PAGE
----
Drew Mendoza in 2016 was one of the better pure hitters in the draft, particularly when only considering high school position players. Blessed with one of the more natural left-handed strokes you’ll see, he easily sprayed doubles from gap to gap, and his large frame suggested there would be plenty of over the fence power to come as he filled out. The only thing that really suppressed his draft value was an extremely strong commitment to Florida State, which he ultimately ended up honouring after he was not drafted until the 36th round by the Tigers. FSU is one of those programs that usually gets their kids to campus, and Mendoza was no exception.
Since getting to the college field, it’s actually been somewhat surprising to see Mendoza make less contact than one might have expected, given the type of hitter he was in high school. Strikeout rates have risen in college, but not at anything like the explosive pace we’ve seen in the professional game, so seeing Mendoza whiff nearly a quarter of the time over two seasons is a bit concerning.
However, it’s also undeniably true that Mendoza has hit for more power in college than might have been expected also, particularly in his freshman season. He clobbered ten homers in less than 200 plate appearances as a freshman en route to slugging .534 and posting an overall OPS of .934. The guy who in high school was mostly a smart spray hitter had turned into a walks-and-homers pull power guy.
Interestingly, Mendoza walked that back a little his sophomore season. His power output dropped, as he hit only seven dingers in almost 100 more trips to the plate, but he cut his strikeout rate from over 26% to just about 22%, kept his walk rate up over 16%, and hit twice as many doubles as he did his freshman season. The drop in slugging percentage meant he actually ended up with a slight decrease in OPS, but a .440 on-base percentage is a hell of a thing, even in college.
A shortstop in high school, Mendoza moved to third immediately at FSU, and he’s a solid defender there. Good hands, plus arm, solid range. He’s not flashy, but he’s very effective. Just an average runner, he probably profiles better on the infield than as a corner outfielder, so I doubt there would be much push to convert him unless an organisation was simply swamped with third base types. <cough>
As a hitter, Mendoza right now resembles nothing to me so much as Matt Carpenter. Maybe not the one with the crazy power surge to 36 homers in 2018, but the real Matt Carpenter, the ~25 homer, .375 OBP guy we got so used to seeing from 2015-’17. Defensively, Mendoza is a much more natural fit at third than Carp, with none of the throwing worries. He would certainly only add to a potential future glut of third basemen in the Cardinal system, but if Drew Mendoza goes out and puts together a junior season that shows him continuing to hone and develop as a hitter, he’d be a fine choice for the Redbirds at 19 come June.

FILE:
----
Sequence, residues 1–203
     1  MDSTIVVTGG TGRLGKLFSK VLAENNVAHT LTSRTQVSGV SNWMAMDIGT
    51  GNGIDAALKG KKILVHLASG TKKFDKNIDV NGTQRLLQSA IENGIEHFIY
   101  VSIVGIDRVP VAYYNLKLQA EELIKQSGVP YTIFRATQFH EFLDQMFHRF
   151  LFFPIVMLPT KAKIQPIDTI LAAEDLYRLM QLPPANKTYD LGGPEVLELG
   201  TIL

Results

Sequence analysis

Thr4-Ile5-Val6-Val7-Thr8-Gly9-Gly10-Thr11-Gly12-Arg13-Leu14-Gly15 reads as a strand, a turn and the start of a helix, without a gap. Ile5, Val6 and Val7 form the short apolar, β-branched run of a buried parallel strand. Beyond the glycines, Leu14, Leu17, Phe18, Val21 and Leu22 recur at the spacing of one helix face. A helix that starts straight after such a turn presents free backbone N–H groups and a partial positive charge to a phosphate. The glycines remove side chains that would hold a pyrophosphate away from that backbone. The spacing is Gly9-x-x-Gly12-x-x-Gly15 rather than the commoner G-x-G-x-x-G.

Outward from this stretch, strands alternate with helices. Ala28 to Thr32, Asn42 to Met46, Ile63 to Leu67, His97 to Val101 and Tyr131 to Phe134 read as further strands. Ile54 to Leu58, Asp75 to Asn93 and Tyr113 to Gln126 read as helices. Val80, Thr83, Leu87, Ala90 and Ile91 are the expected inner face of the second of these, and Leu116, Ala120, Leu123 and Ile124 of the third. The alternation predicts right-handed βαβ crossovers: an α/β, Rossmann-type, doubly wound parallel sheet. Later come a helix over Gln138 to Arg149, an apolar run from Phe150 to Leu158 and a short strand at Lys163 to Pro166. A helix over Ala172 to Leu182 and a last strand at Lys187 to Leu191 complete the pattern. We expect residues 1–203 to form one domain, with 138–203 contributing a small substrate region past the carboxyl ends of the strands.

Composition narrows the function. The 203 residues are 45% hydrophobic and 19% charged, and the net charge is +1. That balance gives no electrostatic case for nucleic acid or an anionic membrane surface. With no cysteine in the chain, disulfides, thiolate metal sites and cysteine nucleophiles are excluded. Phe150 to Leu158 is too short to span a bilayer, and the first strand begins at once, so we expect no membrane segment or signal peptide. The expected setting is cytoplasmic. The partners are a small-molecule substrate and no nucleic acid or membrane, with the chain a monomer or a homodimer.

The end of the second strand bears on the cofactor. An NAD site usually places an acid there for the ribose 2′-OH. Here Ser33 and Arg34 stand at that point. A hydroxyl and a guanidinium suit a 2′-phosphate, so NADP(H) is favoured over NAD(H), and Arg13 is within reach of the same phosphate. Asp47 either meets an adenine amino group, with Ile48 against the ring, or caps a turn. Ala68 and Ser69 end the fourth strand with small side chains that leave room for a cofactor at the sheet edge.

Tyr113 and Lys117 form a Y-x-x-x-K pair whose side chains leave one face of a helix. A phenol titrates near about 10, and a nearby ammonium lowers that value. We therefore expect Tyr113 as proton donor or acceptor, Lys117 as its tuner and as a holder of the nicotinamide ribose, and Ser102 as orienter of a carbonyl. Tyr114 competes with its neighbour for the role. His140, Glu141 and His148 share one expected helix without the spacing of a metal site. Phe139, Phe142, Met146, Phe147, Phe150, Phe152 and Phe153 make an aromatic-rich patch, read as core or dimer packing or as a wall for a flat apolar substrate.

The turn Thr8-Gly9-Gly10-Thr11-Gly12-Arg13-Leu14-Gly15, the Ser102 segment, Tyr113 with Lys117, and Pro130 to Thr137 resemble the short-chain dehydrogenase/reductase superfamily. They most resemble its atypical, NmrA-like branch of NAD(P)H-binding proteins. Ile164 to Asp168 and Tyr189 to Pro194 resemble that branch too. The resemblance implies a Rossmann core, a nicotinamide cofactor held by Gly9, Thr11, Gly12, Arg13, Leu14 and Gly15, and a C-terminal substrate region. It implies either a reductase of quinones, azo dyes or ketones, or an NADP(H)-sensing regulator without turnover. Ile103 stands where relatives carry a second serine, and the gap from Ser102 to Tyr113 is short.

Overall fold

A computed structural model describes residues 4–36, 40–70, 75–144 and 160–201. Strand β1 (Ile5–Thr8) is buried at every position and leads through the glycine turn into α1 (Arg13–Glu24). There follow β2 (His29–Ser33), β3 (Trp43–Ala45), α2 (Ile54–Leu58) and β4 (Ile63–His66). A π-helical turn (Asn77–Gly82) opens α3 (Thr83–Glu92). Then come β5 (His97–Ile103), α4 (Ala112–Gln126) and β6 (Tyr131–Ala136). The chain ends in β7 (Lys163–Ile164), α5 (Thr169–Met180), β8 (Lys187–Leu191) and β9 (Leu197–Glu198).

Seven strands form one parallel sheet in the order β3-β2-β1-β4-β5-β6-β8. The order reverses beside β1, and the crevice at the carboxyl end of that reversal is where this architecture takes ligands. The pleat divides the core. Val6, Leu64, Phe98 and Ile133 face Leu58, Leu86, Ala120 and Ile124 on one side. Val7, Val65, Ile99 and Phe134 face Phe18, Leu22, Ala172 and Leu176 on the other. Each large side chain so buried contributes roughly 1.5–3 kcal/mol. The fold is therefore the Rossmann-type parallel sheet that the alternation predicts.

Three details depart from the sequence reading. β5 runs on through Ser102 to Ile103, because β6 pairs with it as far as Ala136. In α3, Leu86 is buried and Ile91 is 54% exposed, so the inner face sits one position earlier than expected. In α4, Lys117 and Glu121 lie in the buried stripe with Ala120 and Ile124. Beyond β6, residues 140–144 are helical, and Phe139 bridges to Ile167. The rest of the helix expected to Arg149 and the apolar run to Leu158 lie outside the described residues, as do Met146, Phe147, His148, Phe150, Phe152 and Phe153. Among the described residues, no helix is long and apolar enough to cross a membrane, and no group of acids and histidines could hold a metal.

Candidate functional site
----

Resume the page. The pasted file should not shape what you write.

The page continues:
via Florida State Seminoles:
Nick Quintana, SS, University of Arizona
5’10”, 185 lbs
DOB: 13 October 1997
So, what’s so great about this guy?
When Nick Quintana was coming out of high school in the 2016 draft, he was seen as a potential plus offensive player for a middle infielder, but there were questions about whether he would stay at short long term. Arizona is another school that tends to get lots of their commits to campus, and there were just enough questions about Quintana’s position on the field that he fell. He ended up being drafted by the Red Sox in the eleventh round, that strange haven of high-ceiling prop bets after all the rounds with penalties for not signing players have passed. I believe Boston did make a serious run at signing him, if I remember correctly, but ultimately just didn’t have enough wiggle room in the budget to entice Quintana away from school.
Three years later, Quintana is one hell of a hitter, and probably could maybe play shortstop, possibly, for a while. In other words, he really hasn’t changed that much as a player, other than cementing just how good he is offensively in his time in the desert.
Quintana doesn’t necessarily look like an offensive force at 5’10” (ish), but he consistently does as much damage with a bat in his hands as nearly any hitter in college baseball. He’s not quite the freak of nature that Nick Madrigal proved to be going into last year’s draft, but Quintana also has already shown more consistent power than Madrigal did his first two seasons. Quintana hits just about everything thrown his way hard, and has enough loft in his swing that he socked fourteen home runs last spring in 254 plate appearances. Now, that’s playing his home games in the desert, and lots of Pac-12 ballparks, of which several are very hitter-friendly, so grains of salt and all that, but Nick Quintana possesses a natural ability to drive the baseball, period.
If there’s any concern about his offensive profile, it’s that Quintana played in the Cape Cod League each of the past two summers, and both times saw him post huge strikeout rates with wood bats. He was still a decent hitter; his 2018 OPS on the Cape ended up at .786, but he still whiffed over a third of the time. Hitting with metal he’s shown no real contact concerns to date, but the wood thing is certainly something teams will have to evaluate for themselves.
Quintana has a chance to be this year’s Jonathan India, a solid college performer who takes a big step forward and catapults himself well up into the first round of the draft. Long term I think he fits best at second base, where the footwork and speed are less demanding than at shortstop, but he’s been suggested at basically every position on the diamond (including catcher), at one point or another, it seems. Maybe that’s ultimately the best way forward for him; teams are increasingly focused, it appears, on finding those super-utility type players always described as ‘Zobrist types’, largely due to bullpen creep putting such a strain on club’s benches. Maybe Quintana takes his adequacity at shortstop to half a dozen other positions, hits .280/.355/.480, and ends up a new-wave star in the big leagues. Or he could just move to second base and be a star that way, too, I suppose.